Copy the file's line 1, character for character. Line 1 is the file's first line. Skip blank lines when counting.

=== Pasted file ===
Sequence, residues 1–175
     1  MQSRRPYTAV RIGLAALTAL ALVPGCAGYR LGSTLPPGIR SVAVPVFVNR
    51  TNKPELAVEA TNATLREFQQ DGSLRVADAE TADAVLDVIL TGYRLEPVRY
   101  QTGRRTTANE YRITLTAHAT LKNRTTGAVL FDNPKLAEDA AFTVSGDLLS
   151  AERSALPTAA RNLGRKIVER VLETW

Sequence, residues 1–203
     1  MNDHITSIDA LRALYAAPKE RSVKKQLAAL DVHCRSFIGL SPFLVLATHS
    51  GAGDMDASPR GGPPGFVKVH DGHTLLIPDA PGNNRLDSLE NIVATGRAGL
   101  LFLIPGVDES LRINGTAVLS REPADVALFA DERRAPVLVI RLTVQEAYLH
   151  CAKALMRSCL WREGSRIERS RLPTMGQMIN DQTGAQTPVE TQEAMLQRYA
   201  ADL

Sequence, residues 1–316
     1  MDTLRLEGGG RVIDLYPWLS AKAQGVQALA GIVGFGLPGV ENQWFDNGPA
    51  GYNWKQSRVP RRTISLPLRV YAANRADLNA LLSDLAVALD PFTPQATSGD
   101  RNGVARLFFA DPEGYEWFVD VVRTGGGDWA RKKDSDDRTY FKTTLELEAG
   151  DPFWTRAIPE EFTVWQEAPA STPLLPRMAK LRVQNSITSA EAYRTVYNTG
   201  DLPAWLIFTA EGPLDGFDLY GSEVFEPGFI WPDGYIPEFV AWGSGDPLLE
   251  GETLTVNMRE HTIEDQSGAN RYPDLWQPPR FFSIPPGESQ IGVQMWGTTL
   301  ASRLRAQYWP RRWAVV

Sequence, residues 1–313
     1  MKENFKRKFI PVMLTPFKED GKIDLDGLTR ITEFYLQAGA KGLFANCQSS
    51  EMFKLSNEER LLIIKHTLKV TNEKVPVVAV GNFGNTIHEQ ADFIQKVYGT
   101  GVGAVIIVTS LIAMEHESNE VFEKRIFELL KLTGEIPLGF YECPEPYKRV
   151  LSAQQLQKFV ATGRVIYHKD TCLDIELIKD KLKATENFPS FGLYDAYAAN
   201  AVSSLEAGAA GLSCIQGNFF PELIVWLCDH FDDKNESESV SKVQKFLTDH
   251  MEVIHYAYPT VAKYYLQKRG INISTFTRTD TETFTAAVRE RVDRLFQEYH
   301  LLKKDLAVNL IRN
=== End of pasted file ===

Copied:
Sequence, residues 1–175